It was when Clampett inherited the Avery unit in 1941 that he really blossomed as a director, due partly to larger budgets and a higher æschelon of animators. (It is worth noting in passing that Norm McCabe, who inherited the old Clampett unit, was not nearly as successful with it as Clampett was.) Clampett played a vital role in the development of Bugs Bunny, particularly with such classics as Falling Hare (1943) in which Bugs battles a Gremlin for control of a runaway plane. Gremlins would appear again in a wild cartoon called Russian Rhapsody (1944, originally titled Gremlins from the Kremlin), in which Adolf Hitler comes out a decided second-best against the little Russian saboteurs. The Clampett cartoon Tortoise Wins By a Hare (1943) is probably the best of the three cartoons that pitted Cecil Turtle against Bugs in a nod to Æsop. The last Clampett cartoons for Warner Brothers did not show any decline in quality, as exemplified by Book Revue (1946): the capstone of the long-running “things-come-to-life” series of cartoons.

    Clampett left the studio in 1945, and was replaced as director by Arthur Davis. There are a number of theories as to why Clampett left the studio. Probably the most credible is that he was simply ambitious. Another theory, unflattering to Clampett but also a bit far-fetched, is that Clampett had enjoyed a particularly close relationship with Leon Schlesinger, especially compared to Chuck Jones, who was often denigrated by Schlesinger; and that when Schlesinger sold the studio to Warner Brothers in the spring of 1944, Clampett saw this relationship over, and decided to leave. I have even heard the supporting theory that the Chuck Jones cartoon Fresh Airedale (1945) is an allegory of this relationship, with the tricky and ultimately triumphant dog representing Clampett, the master as Schlesinger, and the unlucky cat who ends the cartoon wailing and pounding a statue of Justice as Jones. An interesting reading of the cartoon to be sure; but a second-hand interpretation of a cartoon can not be considered solid evidence in support of such a theory. I include it here because, rightly or wrongly, it is a topic of intense discussion among Warner Brothers cartoon fans.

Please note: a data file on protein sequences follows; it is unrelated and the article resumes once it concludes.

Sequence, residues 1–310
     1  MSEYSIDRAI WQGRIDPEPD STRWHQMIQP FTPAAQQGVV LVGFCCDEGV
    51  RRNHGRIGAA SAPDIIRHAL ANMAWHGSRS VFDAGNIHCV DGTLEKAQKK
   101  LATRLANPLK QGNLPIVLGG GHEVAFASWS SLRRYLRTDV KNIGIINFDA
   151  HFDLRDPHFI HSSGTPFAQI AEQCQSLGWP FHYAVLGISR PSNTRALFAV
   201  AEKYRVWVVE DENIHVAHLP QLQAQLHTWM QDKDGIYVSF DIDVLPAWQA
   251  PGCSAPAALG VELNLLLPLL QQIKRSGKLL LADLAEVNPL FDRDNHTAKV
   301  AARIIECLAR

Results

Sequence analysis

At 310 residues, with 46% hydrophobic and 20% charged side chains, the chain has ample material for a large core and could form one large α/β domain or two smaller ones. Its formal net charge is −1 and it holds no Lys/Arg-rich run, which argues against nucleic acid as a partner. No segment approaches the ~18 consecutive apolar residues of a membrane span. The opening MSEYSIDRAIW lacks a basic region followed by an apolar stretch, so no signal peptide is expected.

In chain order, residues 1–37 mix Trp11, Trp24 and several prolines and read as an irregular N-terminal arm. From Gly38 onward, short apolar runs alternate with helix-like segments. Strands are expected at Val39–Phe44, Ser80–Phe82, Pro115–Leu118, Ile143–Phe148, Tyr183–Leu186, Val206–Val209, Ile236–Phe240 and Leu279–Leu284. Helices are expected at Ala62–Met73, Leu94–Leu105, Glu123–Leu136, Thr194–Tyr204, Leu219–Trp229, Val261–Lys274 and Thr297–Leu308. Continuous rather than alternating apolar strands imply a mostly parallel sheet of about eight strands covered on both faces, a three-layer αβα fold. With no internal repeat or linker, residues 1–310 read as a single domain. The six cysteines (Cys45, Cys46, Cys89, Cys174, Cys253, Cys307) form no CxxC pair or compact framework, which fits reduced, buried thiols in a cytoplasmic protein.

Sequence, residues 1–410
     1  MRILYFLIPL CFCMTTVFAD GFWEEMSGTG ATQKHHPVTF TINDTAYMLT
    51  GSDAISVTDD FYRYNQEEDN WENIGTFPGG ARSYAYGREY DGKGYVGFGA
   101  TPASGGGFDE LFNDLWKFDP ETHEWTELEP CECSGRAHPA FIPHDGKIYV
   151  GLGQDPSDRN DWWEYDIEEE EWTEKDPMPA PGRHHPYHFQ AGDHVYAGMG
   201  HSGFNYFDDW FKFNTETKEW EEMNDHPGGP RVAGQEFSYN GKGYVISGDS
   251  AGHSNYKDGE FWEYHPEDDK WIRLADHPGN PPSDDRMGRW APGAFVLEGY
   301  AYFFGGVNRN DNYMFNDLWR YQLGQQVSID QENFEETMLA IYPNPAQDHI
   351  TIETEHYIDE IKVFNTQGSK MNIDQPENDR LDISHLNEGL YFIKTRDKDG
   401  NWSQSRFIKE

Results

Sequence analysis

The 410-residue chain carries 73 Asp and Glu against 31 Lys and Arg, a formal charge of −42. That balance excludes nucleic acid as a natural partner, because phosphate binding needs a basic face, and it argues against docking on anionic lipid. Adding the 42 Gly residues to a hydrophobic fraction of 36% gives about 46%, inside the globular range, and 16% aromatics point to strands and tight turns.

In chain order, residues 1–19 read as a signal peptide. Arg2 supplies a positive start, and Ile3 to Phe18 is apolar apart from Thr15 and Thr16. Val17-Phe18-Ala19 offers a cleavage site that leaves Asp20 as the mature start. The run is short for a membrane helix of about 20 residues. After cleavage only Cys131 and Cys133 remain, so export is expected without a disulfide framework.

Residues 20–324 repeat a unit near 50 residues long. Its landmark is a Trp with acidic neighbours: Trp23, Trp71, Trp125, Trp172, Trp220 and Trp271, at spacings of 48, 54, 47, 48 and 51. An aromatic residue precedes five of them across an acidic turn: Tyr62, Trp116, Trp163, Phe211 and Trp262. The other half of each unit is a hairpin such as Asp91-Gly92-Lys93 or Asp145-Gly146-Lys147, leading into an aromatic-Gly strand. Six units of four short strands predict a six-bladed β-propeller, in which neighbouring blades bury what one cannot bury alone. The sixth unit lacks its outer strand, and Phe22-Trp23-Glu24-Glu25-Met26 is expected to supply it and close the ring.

Soon after leaving Warner Brothers, Clampett was made the producer for the Columbia Screen Gems cartoon unit. Although Clampett had the help of some former and moonlighting Warner employees, including Henry Binder and Mike Maltese, Screen Gems was too far gone for Clampett to have any real effect or influence. That studio closed its doors in 1949.

    After the Screen Gems fiasco, Clampett enjoyed great success as a puppeteer with Beany and Cecil, a television program syndicated out of Los Angeles. The show eventually became a cartoon series over which Clampett had oversight. Toward the end of his life, Albert Einstein was a big fan of Beany and Cecil (a fact noted in a recent Pinky and the Brain episode produced by Warner Brothers Television Animation).

    Clampett is unique among the major directors of the Warner Brothers studio in that he never received an Academy Award nomination. He had far better luck in television, with Beany and Cecil winning numerous awards. I have seen reports to the effect that Falling Hare had been the studio’s contender for a nomination in 1943, but at any rate, it failed to win one.

    There are two interesting contributions Clampett made to the studio which tend to be overlooked. First, he provided the unique “beeyuwooooop” sound effect that pops up in numerous 1940s cartoons, as in Super Rabbit (Jones, 1943) when Cottontail Smith realizes he is being snookered by Bugs. Secondly, Clampett was the first director to use anvils as a weapon, in A Tale of Two Kitties (1942).

    Clampett is caricatured in a handful of cartoons. He can be seen along with Chuck Jones and Tex Avery in the crowd greeting Miss Glory in Page Miss Glory (Avery, 1936), as a member of the picket fence comprised of petrified members of his unit in Porky’s Hero Agency (Clampett, 1937), in A Cartoonist’s Nightmare (King, 1935), and as “Captain Clampett, the Human Cannonball” in Circus Today (Avery, 1940).